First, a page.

Adrian Stobbe

Deep Work - Cal Newport

7 minutes (1743 words)
Table of contents

🔗 Link : Goodreads

⭐️ Rating: 9/10

🔗🚀 The Book in 3 Sentences

  1. Finding focus to think deeply is a hard with the distractions of ubiquitous connectivity today.
  2. Concentration and focus can be trained and hugely supported through habits.
  3. Deep work makes happy and leaves more time for other things in life

🔗🎨 Impressions

🔗Who Should Read It?

Knowledge workers who want to be more productive at their work. Those seeking techniques and inspiration to find more focus and train concentration.

🔗☘️ How the Book Changed Me

How my life / behaviour / thoughts / ideas have changed as a result of reading the book.

I strive to be excellent in my profession. This requires focused, deliberate practice. I therefore design my day to make full use of my concentration capacity by blocking it and removing any distractions. Rituals and routines should help me to stick to it.

🔗👷🏼 What do I want to apply to my life?

🔗📒 Summary + Notes

🔗What is Deep work and for whom is it?

🔗Focus on few things and fully engage with them

🔗Resisting shallow work is hard

🔗Deep work makes happy

🔗Find your deep work philosophy


🔗Techniques to foster deep work


Minimize the amount of willpower necessary to maintain unbroken concentration through preparation and routines: Where and for how long? try to have a dedicated place. Define an end time!

How will you work once you start?


Grand gesture:

Stay on track: 4 Techniques by Clayton Chirstensen:

#1 Focus on the Wildly Important

#2 Act on the Lead Measures

There exist lag and lead motivators. Lag motivators describe what you are ultimately trying to achieve, but they come too late to motivate persistence. Lead measures focus on the new behaviors that will help you reach your goal. Therefore, act on the latter. E.g. by tracking deep work hours.

#3 Track your metrics consistently

Log deep work hours consistently and evaluate how to improve and what to keep. Mark milestones and reward yourself.

#4 Create a Cadence of Accountability

Keep yourself accountable with weekly reviews.

Productive meditation:

Engage physically e.g. walking, jogging, driving, showering - and focus your attention on a single well-defined professional problem. Its main purpose is to train deep thinking.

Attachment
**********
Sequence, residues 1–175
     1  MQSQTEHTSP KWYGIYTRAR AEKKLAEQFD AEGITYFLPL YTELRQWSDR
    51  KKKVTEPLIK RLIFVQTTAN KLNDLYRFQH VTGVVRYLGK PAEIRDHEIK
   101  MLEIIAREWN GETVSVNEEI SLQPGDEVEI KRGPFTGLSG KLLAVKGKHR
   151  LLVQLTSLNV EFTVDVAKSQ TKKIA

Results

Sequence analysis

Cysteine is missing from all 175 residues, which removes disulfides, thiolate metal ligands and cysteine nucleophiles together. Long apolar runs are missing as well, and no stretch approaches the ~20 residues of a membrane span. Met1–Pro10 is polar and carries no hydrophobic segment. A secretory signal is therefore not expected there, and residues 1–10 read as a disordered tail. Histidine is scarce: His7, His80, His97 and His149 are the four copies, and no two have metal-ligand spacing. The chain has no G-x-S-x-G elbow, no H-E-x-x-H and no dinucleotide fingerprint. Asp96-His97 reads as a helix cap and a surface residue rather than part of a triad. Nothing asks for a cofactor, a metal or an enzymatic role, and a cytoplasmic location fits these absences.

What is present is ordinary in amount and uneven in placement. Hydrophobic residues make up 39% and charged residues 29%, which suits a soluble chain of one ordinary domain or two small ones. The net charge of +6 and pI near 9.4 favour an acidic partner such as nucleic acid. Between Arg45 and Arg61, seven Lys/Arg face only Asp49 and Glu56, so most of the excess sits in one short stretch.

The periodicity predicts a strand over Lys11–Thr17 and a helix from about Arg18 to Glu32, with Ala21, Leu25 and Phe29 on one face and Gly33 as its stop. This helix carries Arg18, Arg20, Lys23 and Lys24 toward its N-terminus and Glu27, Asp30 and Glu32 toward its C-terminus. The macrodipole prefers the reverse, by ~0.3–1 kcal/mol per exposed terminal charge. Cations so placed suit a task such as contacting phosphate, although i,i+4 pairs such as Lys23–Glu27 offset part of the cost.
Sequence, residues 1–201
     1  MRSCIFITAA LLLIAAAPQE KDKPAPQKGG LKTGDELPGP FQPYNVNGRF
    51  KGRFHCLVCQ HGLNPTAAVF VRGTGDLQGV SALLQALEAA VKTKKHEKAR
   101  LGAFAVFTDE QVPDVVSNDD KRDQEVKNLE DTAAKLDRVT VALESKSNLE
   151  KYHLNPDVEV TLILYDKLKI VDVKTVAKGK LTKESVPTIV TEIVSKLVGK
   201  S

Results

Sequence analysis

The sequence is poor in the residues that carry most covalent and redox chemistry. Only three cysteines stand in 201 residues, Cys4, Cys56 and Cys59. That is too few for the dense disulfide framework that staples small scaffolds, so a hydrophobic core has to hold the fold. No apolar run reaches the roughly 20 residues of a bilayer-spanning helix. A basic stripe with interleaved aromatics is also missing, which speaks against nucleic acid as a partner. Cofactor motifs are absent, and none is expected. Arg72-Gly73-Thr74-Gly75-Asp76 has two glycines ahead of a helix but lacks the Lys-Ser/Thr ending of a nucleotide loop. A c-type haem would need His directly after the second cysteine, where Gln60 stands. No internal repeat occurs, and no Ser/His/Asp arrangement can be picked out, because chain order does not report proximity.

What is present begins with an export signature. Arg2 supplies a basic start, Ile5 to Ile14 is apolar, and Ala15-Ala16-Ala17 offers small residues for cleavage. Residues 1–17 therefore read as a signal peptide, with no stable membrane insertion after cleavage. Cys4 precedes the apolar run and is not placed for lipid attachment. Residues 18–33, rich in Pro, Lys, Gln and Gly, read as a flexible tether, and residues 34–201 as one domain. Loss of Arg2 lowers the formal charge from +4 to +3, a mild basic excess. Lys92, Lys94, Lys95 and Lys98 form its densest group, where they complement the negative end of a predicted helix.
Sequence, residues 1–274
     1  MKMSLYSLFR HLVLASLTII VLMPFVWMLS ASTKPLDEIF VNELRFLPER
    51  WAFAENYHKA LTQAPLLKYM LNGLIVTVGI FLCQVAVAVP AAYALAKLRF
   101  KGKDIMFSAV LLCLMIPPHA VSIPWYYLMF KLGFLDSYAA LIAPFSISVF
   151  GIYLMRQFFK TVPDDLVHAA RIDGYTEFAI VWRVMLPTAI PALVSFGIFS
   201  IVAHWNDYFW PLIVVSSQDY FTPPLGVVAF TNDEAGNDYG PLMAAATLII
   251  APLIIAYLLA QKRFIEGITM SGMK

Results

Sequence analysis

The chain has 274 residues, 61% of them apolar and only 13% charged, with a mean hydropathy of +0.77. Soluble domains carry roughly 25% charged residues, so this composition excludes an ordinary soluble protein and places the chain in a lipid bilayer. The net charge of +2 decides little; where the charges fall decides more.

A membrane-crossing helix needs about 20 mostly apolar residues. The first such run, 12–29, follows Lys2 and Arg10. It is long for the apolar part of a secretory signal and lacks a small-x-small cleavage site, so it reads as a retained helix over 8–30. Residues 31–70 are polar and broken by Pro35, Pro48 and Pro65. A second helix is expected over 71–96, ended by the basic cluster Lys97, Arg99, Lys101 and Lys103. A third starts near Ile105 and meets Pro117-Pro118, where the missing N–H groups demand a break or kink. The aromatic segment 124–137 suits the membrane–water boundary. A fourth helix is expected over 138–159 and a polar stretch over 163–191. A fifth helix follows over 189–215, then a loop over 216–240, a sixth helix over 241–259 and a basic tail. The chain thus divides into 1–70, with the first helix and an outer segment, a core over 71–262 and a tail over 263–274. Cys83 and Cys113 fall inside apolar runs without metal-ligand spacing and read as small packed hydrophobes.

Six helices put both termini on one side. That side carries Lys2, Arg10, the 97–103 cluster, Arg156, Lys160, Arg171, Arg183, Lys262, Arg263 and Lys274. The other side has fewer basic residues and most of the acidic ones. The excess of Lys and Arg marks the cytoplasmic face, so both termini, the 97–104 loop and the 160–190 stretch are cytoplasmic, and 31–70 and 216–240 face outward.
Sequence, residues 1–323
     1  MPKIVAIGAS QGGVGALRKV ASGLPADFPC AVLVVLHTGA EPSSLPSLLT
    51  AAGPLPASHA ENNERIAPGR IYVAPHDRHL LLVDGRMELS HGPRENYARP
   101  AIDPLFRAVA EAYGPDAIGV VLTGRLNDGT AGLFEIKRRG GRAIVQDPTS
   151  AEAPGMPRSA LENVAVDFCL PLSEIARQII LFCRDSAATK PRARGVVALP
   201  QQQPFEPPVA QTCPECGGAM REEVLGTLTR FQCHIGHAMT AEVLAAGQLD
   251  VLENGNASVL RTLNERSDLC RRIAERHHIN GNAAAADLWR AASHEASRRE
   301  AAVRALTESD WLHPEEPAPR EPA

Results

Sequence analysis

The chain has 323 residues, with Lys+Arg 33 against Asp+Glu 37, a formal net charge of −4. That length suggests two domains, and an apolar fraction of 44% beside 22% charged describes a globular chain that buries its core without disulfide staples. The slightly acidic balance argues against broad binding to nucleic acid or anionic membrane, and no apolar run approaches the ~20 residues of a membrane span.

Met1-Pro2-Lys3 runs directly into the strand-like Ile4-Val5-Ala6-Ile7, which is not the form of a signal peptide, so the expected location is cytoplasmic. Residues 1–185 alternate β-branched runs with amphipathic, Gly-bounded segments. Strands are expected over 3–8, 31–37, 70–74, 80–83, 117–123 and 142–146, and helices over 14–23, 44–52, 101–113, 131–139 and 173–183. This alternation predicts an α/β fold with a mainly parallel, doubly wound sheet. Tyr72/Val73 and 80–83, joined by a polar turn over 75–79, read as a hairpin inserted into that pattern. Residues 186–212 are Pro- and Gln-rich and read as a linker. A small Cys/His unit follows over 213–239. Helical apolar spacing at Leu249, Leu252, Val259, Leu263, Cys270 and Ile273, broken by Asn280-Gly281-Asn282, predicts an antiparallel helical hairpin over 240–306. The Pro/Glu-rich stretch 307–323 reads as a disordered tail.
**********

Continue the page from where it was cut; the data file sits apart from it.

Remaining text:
Steps to do before:

  1. Review the relevant variables (options)

  2. Define the next-step question using these variables ( How? What might go wrong?)

Example: “How am I going to effectively open this chapter?”. This provides a specific target for your attention. Be aware that we tend to repeat what we already know! Remind that you can come back to this idea later and bring the attention back. Initially we tend to derail our attention to other seemingly important tasks. Resists this urge! That’s the whole point of this exercise. The final step is to consolidate your gains by reviewing clearly the answer you identified.

🔗The mind needs rest

Some decisions are better left to your unconscious. For decisions that involve large amounts of information and multiple vague, and perhaps even conflicting, constraints, use your unconscious.

Rest doesn’t mean being lazy but switching to something else. In fact, I feel better the next day when I spent my leisure time doing other challenging things as opposed to hanging around lazily. → Substitute distractions with quality alternatives for the brain.

Spending time in nature can improve your ability to concentrate.

Trying to squeeze a little more work out of your evenings might reduce your effectiveness the next day.

🔗Have a fixed Feierabend time

Finish work at five thirty: This strong break lets you avoid taking up shallow commitments. Be strict about not allowing professional concerns after workday shut down. Even short distractions might impede the shutdown advantages.

Have a shutdown ritual: Capture every incomplete task, so that you don’t need to worry about it after work.

Put more thought into your leisure time. What fulfills you and makes you happy?

Be pragmatic but critical about sticking to your schedule: an important insight or high drive to do an unscheduled task is a perfectly valid reason to ignore the schedule.

🔗Reduce the time on shallow tasks

Be intentional and selective about communication:

When writing emails, succinctly explain your concern and why the recipient should react to it. How can he benefit? Make a concrete proposal for how to proceed. Don’t leave open loops.


Concentration is like a muscle that requires practice. It gets very hard if you are used to being distracted → make consistent efforts instead of trying hard during a short period of time.

Ambitious self-imposed deadlines help to force concentration.

Schedule an occasional break from focus to give in to distraction, instead of forcing yourself to resist distraction during a time period.

Selective tool choices: Adopt a tool only if its positive impacts substantially outweigh the negative.

For each goal define the two or three most important activities to reach it.